Human brain back up in 20 years, says scientist

By Mark TuttleScientists will be able to do a backup of the human brain including memories and
thinking patterns within the next two decades, according to the computer
scientist who was the first to predict the internet.Award-winning
Raymond Kurzweil, 62, has notched up a string of pioneering computer inventions
including voice recognition technology during his career. At the age of 15 he
created a programme that could recreate music in the style of the great
composers, which earned him a visit to the White House and a chat with President
Lyndon B. Johnson. He also built the first machine that could read written
speech for the blind for his pal Stevie Wonder – for whom he also later made a
revolutionary musical synthesizer capable of recreating real
instruments.Kurzweil told 500 guests at the Telekom Austria Group
sponsored “future talk” event in Vienna, Austria, that the human brain backup
was now already technically possible.He said: “I believe that within the
next 20 years we will have thousands of nanobot computer machines in our blood
that will heal our bodies, improve our performance, and even be able to back up
all the contents of our brains, just as you backup your files on a computer.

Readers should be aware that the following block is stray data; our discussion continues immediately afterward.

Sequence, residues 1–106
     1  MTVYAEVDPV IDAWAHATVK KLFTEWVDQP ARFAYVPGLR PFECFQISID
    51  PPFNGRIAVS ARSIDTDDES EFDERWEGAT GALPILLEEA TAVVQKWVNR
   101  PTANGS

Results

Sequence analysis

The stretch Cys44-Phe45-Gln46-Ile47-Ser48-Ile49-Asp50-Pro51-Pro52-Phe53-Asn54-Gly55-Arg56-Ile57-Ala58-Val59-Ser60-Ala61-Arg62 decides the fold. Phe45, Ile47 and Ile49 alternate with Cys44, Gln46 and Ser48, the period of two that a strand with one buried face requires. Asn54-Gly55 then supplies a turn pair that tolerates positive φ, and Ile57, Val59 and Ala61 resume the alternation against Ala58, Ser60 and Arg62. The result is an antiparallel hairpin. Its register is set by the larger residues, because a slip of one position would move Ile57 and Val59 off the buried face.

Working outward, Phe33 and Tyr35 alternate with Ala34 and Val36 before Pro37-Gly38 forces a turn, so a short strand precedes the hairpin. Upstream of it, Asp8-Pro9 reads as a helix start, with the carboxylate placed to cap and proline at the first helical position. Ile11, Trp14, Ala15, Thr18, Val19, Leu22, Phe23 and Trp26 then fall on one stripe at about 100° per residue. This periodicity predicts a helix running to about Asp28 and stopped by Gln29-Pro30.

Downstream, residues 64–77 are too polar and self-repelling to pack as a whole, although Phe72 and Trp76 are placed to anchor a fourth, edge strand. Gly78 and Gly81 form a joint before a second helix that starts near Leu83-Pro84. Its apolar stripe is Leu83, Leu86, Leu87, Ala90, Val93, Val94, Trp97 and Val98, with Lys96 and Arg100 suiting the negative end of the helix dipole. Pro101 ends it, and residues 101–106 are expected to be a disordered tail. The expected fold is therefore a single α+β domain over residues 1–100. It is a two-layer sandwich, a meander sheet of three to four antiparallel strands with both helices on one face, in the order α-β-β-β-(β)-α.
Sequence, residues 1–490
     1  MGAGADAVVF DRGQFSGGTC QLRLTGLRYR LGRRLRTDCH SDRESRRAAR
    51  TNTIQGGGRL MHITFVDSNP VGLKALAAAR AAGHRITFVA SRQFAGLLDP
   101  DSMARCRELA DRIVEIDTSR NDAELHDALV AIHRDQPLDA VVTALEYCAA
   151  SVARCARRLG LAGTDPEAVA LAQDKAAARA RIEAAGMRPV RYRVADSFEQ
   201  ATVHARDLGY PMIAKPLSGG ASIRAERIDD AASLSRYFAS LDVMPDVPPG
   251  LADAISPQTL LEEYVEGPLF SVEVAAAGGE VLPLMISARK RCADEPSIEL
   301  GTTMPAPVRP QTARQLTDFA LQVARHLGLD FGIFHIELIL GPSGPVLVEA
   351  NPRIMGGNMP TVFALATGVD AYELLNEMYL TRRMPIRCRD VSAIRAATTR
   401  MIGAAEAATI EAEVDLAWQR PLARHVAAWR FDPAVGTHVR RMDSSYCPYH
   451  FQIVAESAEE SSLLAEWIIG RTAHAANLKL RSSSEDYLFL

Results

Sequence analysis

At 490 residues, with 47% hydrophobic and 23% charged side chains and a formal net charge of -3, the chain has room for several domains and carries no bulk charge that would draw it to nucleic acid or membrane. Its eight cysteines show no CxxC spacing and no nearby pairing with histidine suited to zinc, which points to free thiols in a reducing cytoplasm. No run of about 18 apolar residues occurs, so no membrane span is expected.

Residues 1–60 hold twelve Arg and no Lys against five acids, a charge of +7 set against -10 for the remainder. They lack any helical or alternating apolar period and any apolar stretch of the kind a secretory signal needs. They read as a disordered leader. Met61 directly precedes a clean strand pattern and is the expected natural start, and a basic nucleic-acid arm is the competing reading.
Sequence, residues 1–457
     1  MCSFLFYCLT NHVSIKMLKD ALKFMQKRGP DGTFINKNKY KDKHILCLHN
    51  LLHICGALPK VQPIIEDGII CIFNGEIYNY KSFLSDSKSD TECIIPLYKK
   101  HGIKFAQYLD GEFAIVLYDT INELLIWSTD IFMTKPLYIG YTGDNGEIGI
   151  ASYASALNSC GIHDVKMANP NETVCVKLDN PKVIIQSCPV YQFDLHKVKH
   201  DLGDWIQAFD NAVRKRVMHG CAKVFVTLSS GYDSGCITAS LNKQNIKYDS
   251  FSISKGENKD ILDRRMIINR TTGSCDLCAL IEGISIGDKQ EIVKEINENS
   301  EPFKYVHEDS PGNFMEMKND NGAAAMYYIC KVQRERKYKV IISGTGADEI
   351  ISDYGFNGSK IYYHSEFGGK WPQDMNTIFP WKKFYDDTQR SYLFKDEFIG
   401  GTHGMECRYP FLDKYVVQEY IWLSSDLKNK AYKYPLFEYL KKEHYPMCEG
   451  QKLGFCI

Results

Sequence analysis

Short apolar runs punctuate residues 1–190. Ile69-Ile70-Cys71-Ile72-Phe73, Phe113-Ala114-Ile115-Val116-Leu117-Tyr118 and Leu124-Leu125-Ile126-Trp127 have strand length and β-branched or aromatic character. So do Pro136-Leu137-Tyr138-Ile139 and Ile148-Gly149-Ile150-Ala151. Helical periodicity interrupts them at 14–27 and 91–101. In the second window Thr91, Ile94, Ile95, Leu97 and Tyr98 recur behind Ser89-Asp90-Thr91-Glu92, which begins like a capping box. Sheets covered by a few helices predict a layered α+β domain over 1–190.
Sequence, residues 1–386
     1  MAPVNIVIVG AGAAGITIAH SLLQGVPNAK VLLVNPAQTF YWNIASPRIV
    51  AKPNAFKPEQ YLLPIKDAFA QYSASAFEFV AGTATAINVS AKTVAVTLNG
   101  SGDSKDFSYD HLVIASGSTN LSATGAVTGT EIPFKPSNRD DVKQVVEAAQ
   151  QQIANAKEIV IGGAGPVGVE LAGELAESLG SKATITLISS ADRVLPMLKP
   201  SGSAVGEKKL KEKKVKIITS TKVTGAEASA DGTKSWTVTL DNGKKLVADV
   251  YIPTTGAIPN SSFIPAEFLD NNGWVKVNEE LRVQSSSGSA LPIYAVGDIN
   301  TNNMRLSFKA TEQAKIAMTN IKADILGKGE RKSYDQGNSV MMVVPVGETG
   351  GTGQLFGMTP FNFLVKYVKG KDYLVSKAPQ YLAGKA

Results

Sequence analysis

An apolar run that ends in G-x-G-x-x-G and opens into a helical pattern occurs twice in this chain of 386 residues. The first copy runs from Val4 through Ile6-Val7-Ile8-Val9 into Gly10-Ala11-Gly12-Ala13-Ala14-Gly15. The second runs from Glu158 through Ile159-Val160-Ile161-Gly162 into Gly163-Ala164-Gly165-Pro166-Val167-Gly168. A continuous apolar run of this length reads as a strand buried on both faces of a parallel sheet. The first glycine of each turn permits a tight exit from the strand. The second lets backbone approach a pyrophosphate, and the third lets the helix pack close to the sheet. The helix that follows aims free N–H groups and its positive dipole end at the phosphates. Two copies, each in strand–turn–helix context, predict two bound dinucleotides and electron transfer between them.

That means they would back up every thought, every experience, everything that
makes us an individual.””It may sound far-fetched but in the early
1980s, people thought I was crazy for predicting the emergence of the world wide
web by the middle of the 1990s; but it happened, and on the schedule I
predicted.”Kurzweil has 19 honorary doctorates in addition to the
extensive patents he holds and the books he has written – and now advises
governments, scientists, military and business people across the world on a
variety of issues.He is currently working with Google on a project about
how to solve the world’s energy problems.Kurzweil, who was born in
America to Jewish parents who fled Austria before the war, said solutions were
available for many problems. He said: “Last month I was meeting with the prime
minster of Israel on the question of solar power as a solution. The prime
minister asked if there was actually enough sun to power the world?”I
responded by saying it would only take 1 tenthousanths of the sun`s energy
hitting the earth to power everything we use today.”Hannes Ametsreiter,
the CEO of the Telekom Austria Group that hosted the event at the Vienna Tram
Museum, said: “These kinds of controversial and thought inspiring discussions
are exactly what we need to move into the future.”